Exclusive Interview Part 1: Dan Vache VP United Fresh Produce Association on the Challenges of Transportation, Cold Chain Management & Traceability
Over the past decade, the food safety landscape has undergone tremendous change. In this exclusive interview Dan Vache, Vice President of Supply Chain Management for the United Fresh Produce Association speaks to Andrea Charles from Cold Chain IQ, about the growth of temperature controlled logistics and the movement to real-time monitoring. Vache also highlights the key challenges of transportation, cold chain management and traceability the industry is trying to overcome.
Cold Chain IQ: What trends are you witnessing in the temperature controlled logistics of food products?
D Vache: First of all, the volume has certainly increased with the push for the consumers to consume more fresh fruits and vegetables. So temperature controlled logistics has grown somewhat at a very good pace for our perishable food products. Probably the biggest changes that I've seen recently are a movement towards real-time monitoring, which really does help the industry as product is moved from point to point. If one can be more proactive in the visibility part of temperature-controlled logistics, we can be proactive rather than reactive. Historically, during transportation, if the temperature fluctuates dramatically, that is not noted until the receipt of the product at a receiver's dock. So now that we have the capabilities whether it's through cellular communications or satellite communications to have real-time monitoring, and when events occur we can be proactive to eliminate any of the issues surrounding temperature control, this gives everyone in the food chain a sense of quality so that they can maintain a good supply of temperature-sensitive products.
The other thing that we've seen are the construction of the trailers themselves, with better insulation, more lightweight insulation so that we're moving product over our highway systems in a good conducive manner from a weight perspective. Transportation is quite expensive. It fluctuates, but the more we can move in one trailer, the better for everyone involved in the process. There are also smart units built into the refrigeration systems themselves, which are another advantage, because they do have some built-in sensors to control and be able to observe the fluctuation of temperatures in transit. If you're not using real-time monitoring, the driver at least has some indication if he's out of control temperature-wise.
Cold Chain IQ: What are some of the key concerns raised by the industry in meeting the challenges of transportation, cold chain management and traceability.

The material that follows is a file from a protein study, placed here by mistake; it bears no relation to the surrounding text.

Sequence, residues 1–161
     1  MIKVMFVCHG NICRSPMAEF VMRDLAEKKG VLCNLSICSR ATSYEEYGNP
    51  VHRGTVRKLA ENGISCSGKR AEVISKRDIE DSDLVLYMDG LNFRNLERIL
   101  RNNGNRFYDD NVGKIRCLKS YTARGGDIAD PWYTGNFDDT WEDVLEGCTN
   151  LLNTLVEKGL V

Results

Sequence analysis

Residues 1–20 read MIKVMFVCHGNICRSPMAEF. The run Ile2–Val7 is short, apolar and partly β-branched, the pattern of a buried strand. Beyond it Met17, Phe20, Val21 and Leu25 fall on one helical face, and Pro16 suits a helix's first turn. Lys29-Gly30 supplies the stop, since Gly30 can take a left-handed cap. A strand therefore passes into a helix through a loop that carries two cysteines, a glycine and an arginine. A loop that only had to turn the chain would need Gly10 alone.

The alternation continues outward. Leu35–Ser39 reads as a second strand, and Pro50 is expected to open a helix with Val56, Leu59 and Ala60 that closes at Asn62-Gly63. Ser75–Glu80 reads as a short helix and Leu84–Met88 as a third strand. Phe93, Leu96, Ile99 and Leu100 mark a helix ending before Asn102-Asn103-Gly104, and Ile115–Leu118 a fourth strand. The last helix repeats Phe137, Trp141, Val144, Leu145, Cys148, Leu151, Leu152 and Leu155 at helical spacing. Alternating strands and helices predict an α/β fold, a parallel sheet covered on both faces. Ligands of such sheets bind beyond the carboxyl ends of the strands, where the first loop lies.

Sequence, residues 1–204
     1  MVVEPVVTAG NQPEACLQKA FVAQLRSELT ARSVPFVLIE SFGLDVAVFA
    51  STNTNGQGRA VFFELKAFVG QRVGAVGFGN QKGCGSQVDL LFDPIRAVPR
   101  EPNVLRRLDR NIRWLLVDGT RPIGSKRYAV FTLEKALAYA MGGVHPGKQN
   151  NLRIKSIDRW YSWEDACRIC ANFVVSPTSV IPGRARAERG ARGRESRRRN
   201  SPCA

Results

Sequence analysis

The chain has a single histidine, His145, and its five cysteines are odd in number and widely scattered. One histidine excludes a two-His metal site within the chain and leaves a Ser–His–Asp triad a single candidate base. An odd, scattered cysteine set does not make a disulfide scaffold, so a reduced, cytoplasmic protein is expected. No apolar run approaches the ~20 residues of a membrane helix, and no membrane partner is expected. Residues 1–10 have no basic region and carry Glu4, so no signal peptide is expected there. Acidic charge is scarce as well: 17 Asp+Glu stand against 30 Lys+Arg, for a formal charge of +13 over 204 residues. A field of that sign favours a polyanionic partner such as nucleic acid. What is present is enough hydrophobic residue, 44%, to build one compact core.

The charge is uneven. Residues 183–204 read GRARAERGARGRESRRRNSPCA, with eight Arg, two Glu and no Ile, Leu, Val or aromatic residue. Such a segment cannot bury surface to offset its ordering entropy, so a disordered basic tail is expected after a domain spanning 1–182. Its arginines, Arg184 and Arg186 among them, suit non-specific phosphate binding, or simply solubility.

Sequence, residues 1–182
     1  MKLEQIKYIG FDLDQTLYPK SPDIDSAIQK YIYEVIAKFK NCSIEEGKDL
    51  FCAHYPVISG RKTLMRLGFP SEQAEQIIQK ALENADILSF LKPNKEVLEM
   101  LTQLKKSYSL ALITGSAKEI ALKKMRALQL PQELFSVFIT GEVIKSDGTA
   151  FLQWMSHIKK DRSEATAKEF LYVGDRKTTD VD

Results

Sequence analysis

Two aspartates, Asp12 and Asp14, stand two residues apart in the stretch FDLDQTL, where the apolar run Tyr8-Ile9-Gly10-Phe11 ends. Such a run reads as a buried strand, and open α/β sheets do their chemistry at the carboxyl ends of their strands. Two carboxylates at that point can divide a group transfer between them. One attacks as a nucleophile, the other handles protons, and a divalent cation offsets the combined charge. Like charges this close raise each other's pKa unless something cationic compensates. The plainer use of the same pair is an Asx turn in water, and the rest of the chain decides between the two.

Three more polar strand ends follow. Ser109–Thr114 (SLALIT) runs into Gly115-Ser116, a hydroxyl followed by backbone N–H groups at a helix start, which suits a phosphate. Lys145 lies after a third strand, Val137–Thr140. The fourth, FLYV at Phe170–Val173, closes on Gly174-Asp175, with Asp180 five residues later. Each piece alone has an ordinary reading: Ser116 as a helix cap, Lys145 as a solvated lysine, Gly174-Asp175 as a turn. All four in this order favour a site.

D Vache: That's a great question, and the challenges really start with the drivers themselves. Here in the US we are non-regulated, so that it's easy to enter the business. And it's unfortunate that we sometimes have a lack of professional drivers when we're dealing with temperature-controlled cargo. Most or many drivers want to just drive their vehicle and not understand the nuances when you are transporting fresh product. So we need to make sure that we have educated drivers that understand the perishability of the cargo that they are hauling. This also equates to the shipping point and receiving point and the treatment of drivers. So if we don't have good professional drivers that understand produce, we're just asking for more trouble.
The other thing that has started to happen in some parts of the industry are the receiving criteria. And when dealing with cold chain management and using monitors that record the temperature fluctuations, if the receiving criteria is not consistent, many times, transporters are caught in the middle between the shipper who certainly always claims that they ship good product, and the receiver that may reject that product based on some temperature fluctuations. That often times lands in the middle, and the transportation is the one that is caught in the middle of that dispute and oftentimes it costs them. And, as we know, carriers run on thin margins also. And many of the small owner-operators can't afford to have numerous claims from rejected loads or adjustments to the freight rates.
So it all starts, really, at the loading facilities, making sure that the trailers are loaded properly, the product is pre-cooled properly if it needs to be, and understanding that it starts at that point. And the driver takes control of that, if it's not loaded and cooled… pre-cooled properly, he's already at a disadvantage. So with the higher freight rates due to fuel costs, everyone needs to be more detail-oriented in moving our perishable products that are refrigerated.
So the other issues that we're seeing now are thefts, which again is a challenge for transportation. If you lose a load, and right now, statistics are showing that the food and beverage market is 23% of all theft in transportation. And this really comes down to the fact that it's perishable. When markets fluctuate and the open market, as we've had serious considerations in the last couple of years with tomatoes, the supply becomes very high-valued commodity. And it's unfortunate, they do track and can steal an entire truckload of produce. And this is not just produce but high-value items such as nuts that are going to market and could be easily moved into secondary markets without any traceability. And unfortunately there are situations where people do accept that type of product that they may not know the source.
Part 2 Coming Soon
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